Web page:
“…Whatever you did for one of these least [people] of mine, you did for me.”
Mt. 25: 40

We look to Jesus Christ and the example of St. Angela Merici, foundress of the Ursulines, as our inspiration. Angela spent her life reaching out to women, children, and families suffering from the injustices of her time, and inspiring other women to do the same. For Angela, a life of service and works of mercy was living the Gospel. It is central to the mission of St. Ursula Academy and to the spiritual growth of every student.


To feed the hungry
To give drink to the thirsty
To clothe the naked
To house the homeless
To visit the sick

During your years at St.Ursula, you are required to engage in a variety of service projects. These acts of service should expand your awareness of those in need and develop your skills in responding to their needs. A crucial part of the growth process is to reflect upon your service, and to express it in writing. This reflection on your experience allows you to discover its impact on your own life and to realize the joy and grace that God can bring to you through your service efforts and the people working with you.


1. To encourage the student to see the value of service and the contribution they can make to society and the local community following in the spirit of St. Angela Merici.

2. To help the student broaden their personal vision of the work of social justice as modeled in the Scriptures.

3. To create a positive association and working spirit between St. Ursula Academy and local agencies serving those in need in the community at large.

4. To foster personal growth as the student uses their time, talent, and resources to serve others, and to encourage the student to find meaningful service utililizing their individual and unique abilities and interests.


*Completion of all service hours is mandatory for graduation.

1. SIXTY (60) HOURS (minimum)-may be accumulated in one place or at several qualifying activities. There is an approved agency list for recommendations. An extended commitment at an approved agency (see list) during Junior year is recommended. The majority of students exceed the required hours as they find opportunities that are meaningful and fulfilling.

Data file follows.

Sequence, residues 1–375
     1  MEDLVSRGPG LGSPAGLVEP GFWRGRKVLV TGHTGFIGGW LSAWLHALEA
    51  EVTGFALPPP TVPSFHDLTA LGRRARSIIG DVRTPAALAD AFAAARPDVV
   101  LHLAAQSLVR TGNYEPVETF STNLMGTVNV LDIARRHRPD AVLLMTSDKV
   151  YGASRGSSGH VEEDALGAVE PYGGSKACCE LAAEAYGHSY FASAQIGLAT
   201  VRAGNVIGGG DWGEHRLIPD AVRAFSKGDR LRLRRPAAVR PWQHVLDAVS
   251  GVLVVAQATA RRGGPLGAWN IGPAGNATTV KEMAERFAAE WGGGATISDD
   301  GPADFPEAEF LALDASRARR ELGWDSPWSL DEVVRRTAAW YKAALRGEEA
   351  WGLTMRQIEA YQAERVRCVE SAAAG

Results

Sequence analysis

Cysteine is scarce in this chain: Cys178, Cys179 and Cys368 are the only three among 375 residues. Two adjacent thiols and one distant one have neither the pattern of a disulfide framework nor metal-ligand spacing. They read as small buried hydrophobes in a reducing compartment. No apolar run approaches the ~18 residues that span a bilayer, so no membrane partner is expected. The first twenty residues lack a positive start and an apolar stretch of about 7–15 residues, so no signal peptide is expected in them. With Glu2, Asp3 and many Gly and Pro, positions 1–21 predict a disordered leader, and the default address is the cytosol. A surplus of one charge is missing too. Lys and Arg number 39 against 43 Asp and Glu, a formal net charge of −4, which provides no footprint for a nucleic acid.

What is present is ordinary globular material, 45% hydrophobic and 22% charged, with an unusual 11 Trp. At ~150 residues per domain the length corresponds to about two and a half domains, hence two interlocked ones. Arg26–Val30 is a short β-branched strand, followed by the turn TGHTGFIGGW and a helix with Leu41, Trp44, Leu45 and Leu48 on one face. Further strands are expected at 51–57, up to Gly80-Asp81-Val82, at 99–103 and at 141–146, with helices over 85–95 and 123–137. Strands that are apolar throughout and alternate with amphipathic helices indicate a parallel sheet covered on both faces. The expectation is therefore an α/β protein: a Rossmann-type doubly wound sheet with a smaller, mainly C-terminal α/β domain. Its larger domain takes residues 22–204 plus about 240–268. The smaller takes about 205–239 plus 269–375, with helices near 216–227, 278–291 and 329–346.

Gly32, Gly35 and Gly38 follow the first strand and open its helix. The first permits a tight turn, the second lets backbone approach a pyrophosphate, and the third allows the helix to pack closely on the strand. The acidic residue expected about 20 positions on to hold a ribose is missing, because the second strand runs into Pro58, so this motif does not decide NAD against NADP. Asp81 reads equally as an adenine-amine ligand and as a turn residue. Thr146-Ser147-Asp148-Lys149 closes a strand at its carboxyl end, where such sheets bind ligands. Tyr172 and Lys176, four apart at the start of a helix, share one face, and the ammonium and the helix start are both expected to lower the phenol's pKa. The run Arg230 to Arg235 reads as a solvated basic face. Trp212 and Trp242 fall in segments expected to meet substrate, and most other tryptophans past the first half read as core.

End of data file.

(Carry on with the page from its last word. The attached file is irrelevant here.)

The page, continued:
2. EXPECTATION- 20 hours by the end of the freshman year. 20 hours by the end of the sophomore year. 20 hours by the end of the junior year.

3. COMPLETION TIME- hours completed during the summer prior to Freshman year may be counted. Each year all hours need to be completed on or before April 1. Each term students should submit completed hours.

4. The Coordinators of Christian Service will track DOCUMENTATION of service hours. Forms need to be:

  • Signed by a parent and or agency representative and include all requested information.
  • Completed soon after service has been rendered, not later than April 1.
  • A two-page written reflection is required. The reflection details what service has been completed for the entire year.
    Possible questions: What was your service, what did you learn, how were you challenged, how did your service this year impact you and others in the community? In what way was the service reciprocal? How did this experience help, strengthen or challenge your faith life?



  • Pet therapy programs- taking animals to nursing homes/day care for residents (within an established program).
  • Horseback riding lessons for physically/mentally challenged persons, for example, Vail Meadows.
  • Training of assistance animals (see Assistance Dogs of America).

6. EXAMPLES OF SERVICE AREAS: the poor, the needy, the elderly, the sick and infirmed, the marginalized; soup kitchens, food banks, schools, churches/parishes, nursing homes, after-school programs; non-profit organizations and events that focus around a cause (Salvation Army, muscular dystrophy, Habitat for Humanity, etc.). Again, please refer to the Corporal Works of Mercy as excellent starting points (feed the hungry, clothe the naked, shelter the homeless, give drink to the thirsty, visit the sick, etc.).


Volunteering for political campaigns, volunteering for family members, times of worship (serving at Mass, ushering, etc), any volunteer time for corporations, companies, or individuals whose purpose is financial gain or profit (for example, teaching dance lessons at a dance studio, filing papers in a corporate office). Please note: simply doing something without pay does not necessarily qualify as Christian Service under these guidelines. Generally speaking, ideas for service should be approved before beginning (see attached list for reference).

For additional ideas or assistance, see the Coordinator of Campus Ministry.

7. SERVICE REQUIREMENT is not considered complete until all required paper work and reflections are submitted and accepted.

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